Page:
Finding food on the island was not a problem. Cooking it was, though. There were "plenty of birds, Eggs, Turtles and Grubs, which we were forced to eat raw as we had no fire upon the Island." They tried to make a fire by rubbing two sticks together, but did not succeed. A day or two later, "not having had any food from the time the Ship was cast away, we cut down a CocoNut Tree, the only one upon the Island, and [ate] the inside of the Tree, after eating we strove again to get fire, and as God stood our friend, procured it by rubbing the two bits of sticks; which we were as carefull of as our own lives."

A rescue mission goes awry

In the hope of rescuing the men on the sandbar, four of the sailors - Richard Velling, Thomas Ashton, John Armour, and Thomas Troop - took the raft used by the most recent arrivals and set out to find them. But the group was blown off course and never reached the men.

For three days the four drifted aimlessly, exhausted, hungry, and certain that they would perish at sea. Suddenly, they spotted a low island and the mast of a ship. On reaching the island, they found 15 Annamite (Vietnamese) traders. "Seeing us naked they gave us Cloathes, and began to ask us questions in their Tongue, but we could not understand them; we made motions, however, that our Ship was cast away so they let us live with them, and we fared as they did. They talk'd a good deal, and made motions that we should go with them to their Country...."

The traders had prepared to leave and were waiting for favorable winds when disaster struck again. A storm rose and destroyed the vessel. A month later, another storm lashed the little island, sweeping away most of the group's knives, cups, and pots. Worse, the gale drove off all the birds, which had been a vital source of food. Now the English and Vietnamese were both shipwrecked, with only two knives and one copper pot left among them.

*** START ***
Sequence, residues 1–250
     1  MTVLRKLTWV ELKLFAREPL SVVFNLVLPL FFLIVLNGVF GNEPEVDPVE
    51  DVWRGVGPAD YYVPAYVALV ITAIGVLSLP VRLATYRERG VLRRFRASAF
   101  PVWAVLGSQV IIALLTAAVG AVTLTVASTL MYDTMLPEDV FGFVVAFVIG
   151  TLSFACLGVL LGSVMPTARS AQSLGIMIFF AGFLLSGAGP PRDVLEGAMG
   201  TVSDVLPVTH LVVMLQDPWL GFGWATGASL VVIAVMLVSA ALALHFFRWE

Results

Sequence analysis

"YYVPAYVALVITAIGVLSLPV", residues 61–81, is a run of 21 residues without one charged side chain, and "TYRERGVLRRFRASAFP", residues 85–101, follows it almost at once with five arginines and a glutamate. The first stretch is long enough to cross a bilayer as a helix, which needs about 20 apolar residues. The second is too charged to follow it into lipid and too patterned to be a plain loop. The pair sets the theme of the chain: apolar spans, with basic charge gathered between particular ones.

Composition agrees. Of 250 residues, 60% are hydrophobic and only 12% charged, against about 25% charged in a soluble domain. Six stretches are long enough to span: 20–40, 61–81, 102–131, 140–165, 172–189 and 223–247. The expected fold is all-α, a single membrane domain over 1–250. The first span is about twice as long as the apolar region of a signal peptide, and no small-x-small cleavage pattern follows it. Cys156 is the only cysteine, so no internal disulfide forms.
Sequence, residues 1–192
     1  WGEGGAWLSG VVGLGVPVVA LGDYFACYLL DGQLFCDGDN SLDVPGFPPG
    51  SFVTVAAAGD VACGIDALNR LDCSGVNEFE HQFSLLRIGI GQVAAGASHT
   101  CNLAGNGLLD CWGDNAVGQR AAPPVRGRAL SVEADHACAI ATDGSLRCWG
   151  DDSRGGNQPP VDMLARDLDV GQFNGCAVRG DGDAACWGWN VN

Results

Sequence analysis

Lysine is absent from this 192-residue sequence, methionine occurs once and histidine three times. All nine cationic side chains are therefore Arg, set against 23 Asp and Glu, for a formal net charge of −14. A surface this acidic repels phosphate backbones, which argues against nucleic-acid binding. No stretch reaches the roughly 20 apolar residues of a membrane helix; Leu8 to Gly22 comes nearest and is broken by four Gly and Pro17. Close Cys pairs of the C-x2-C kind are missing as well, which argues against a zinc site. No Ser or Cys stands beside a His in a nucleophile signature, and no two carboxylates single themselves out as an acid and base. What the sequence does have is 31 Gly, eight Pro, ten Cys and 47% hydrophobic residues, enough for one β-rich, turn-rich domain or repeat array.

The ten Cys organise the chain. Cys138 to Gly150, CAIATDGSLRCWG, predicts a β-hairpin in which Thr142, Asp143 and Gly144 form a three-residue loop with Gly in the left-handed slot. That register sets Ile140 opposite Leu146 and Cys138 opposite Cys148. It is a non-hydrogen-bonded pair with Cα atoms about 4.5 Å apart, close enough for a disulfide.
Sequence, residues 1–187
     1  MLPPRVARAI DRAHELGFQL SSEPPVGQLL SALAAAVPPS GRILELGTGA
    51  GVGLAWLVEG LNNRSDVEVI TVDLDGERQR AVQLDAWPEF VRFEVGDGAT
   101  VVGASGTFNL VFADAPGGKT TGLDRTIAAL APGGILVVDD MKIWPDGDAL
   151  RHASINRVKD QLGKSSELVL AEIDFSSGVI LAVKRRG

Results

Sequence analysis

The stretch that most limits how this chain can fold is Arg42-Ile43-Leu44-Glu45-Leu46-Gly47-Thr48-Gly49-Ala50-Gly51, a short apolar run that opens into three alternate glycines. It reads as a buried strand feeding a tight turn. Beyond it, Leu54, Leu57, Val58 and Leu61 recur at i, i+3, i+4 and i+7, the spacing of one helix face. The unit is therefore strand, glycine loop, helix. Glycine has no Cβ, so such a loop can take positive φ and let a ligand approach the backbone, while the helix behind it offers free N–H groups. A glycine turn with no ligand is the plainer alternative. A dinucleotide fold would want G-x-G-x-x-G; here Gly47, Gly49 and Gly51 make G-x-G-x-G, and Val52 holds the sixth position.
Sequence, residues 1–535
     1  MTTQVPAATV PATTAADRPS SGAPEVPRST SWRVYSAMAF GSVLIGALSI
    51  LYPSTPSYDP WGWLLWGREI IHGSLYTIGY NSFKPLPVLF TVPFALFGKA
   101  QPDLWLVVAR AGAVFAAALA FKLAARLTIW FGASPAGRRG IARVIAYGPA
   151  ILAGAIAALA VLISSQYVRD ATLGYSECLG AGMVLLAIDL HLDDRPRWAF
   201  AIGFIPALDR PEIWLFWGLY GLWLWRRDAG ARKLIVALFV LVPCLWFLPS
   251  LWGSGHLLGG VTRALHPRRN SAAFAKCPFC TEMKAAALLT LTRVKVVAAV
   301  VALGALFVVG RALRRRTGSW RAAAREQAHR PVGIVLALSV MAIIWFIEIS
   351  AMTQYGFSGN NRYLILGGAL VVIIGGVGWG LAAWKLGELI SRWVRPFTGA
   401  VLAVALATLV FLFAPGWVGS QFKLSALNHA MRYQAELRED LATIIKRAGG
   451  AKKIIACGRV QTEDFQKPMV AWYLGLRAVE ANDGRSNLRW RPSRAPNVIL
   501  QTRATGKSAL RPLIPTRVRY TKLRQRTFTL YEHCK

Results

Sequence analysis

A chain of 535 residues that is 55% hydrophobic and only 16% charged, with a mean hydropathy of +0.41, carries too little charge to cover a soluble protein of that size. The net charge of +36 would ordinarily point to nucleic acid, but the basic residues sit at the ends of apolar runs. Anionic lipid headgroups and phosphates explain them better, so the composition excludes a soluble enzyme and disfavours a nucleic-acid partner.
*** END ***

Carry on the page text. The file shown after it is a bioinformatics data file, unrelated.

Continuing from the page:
For 15 months, they all lived side by side on the island, enduring hardships of all sorts. They dug wells for water, but the water was salty. When the hot weather returned, several men, including Thomas Troop, perished of thirst. To escape the heat, the men would lie in the ocean up to their necks.

Day and night, the men scoured the island to see if anything useful had washed up on-shore. Even the smallest stick was saved, for it might eventually prove useful.

A blessing from the sea

One day, incredibly, they spotted a small empty boat drifting by. It had two large holes in it, which they set about to repair using grass and bits of rags. They made a sail out of the bird skins they had been collecting to make jackets. "We sewed them together with canvass thread we had saved; our needles being the birds' bones." After six days, the boat was repaired. They tested it, and found it watertight.

The three Englishmen and two of the Vietnamese left in search of other survivors from the Earl Temple. When they failed to find the island where the men had last been seen, they gave up and headed for Annam (Vietnam). Despite more bad weather, they reached it in seven days.

For the Annamites, the ordeal was over. The Englishmen, however, spent almost another year and a half working as prisoner-laborers. Finally, they received permission to leave.

On Aug. 31, 1766, as passengers aboard a junk, the three Englishmen sailed into Canton - the very port that had been the Earl Temple's destination. Three years and not quite three months after they had been wrecked on a reef in the South China Sea, their ordeal was over.

Here, the account ends.

230 years later, a postscript

The three probably got home all right, since it's likely that they dictated their 16-page report in England. The account was filed in the East India Company's archives in London, where I found the little-known account. I believe it may possibly be the story of a shipwreck excavated in the Philippines in 1997.

*Part 1 appeared in the June 8 Kidspace.